Bargaining, Buddhism, and Battles

We started today with shopping at the Ben Than market.  I had to bargain heavily with the merchants, usually by cutting the original cost they tell me in half before slowly raising my willingness to pay.  My Vietnamese friend bunny told me when I was getting a good deal or not, although I did all the bargaining myself.  After I was done buying gifts and t-shirts for myself, I stopped in a coffee shop where I bought a delicious green tea.

On a side note, I noticed, when bartering, the wads of cash the merchants pulled out to give me change.  These are likely these peoples life savings.  In Vietnam, many people still do not keep their money in banks, and instead they live off of what is under their mattress.

If I could save money, I would do bargaining over the US purchasing method. I do not think that this would be the case though, since most goods in the US are priced at the market price- that is: where supply meets demand.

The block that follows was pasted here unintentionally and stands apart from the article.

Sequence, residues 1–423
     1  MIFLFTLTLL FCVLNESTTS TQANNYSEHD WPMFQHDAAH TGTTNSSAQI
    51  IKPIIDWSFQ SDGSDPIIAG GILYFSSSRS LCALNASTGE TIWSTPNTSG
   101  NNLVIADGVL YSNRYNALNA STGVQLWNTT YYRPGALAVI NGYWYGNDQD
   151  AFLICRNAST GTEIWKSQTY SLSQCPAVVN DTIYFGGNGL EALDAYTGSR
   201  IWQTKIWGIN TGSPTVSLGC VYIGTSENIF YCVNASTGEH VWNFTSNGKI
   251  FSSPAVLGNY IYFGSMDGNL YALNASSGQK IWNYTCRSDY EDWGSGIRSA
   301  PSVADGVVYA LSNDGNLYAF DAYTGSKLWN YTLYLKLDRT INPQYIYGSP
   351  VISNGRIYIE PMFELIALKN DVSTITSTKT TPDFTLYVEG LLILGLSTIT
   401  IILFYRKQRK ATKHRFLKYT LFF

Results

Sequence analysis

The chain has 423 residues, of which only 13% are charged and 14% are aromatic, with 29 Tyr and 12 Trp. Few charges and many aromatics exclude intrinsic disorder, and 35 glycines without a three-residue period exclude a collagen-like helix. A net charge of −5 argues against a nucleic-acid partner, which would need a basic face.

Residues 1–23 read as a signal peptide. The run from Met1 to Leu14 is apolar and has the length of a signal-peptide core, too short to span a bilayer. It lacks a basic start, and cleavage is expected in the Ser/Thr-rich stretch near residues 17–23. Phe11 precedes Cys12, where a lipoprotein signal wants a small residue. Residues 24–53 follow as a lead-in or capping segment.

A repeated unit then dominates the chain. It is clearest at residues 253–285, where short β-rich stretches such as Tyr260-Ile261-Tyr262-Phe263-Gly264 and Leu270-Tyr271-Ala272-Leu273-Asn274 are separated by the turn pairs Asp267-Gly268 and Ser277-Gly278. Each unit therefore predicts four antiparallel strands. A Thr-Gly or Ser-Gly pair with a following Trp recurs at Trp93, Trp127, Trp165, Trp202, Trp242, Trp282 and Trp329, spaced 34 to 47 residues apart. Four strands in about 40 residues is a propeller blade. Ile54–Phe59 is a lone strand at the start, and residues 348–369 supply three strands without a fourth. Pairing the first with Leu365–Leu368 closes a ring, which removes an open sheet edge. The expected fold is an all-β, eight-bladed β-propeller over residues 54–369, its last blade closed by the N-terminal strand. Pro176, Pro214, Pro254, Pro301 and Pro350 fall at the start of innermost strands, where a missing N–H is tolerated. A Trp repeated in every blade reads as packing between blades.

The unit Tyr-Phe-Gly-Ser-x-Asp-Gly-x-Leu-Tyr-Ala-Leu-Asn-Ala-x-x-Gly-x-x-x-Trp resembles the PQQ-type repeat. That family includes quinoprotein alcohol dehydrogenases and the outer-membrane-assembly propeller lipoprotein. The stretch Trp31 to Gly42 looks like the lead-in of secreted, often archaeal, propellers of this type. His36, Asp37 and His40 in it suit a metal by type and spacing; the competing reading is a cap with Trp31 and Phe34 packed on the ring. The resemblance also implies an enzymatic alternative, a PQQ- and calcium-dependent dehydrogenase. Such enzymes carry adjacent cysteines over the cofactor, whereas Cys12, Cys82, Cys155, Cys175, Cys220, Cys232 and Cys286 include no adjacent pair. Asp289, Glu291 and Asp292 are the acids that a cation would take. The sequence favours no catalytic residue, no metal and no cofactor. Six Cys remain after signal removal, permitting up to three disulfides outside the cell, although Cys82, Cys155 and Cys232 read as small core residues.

Buddhism is one of the main religions of Vietnam, brought here centuries ago by the Chinese.  It has become a prominent guide for millions, alongside Taoism, Catholicism, and Hinduism.  Today we visited an old Buddhist pagoda, where practicing Buddhists go to worship their Buddhas.  It was old on the outside and intricate and beautiful on the inside, with an excess amount of burning incense.  Buddhists believe burning incense brings their prayers to Buddha better than just praying without the smoke.  There does not seem to be any religious restrictions I have seen or heard about in Vietnam.  Seeing all of the faith-filled worshipers, I was reminded of the sadness of the war between America and Vietnam, two mainly peaceful peoples.

We ended the day by visiting the War Remnants Museum.  Although they had many interesting photos, actual weapons, and American vehicles outside, I did not appreciate the phrasing/messaging of any of the plaques that stood believe particular exhibitions.  The Communists throw everything in your face, painting Americans as extremely negative people.  We did make numerous mistakes in Vietnam.  Still, it is wrong to flaunt jazzed up stories in a painfully one-sided manner.  I am pretty sure most of the UEF students know that this is the case.

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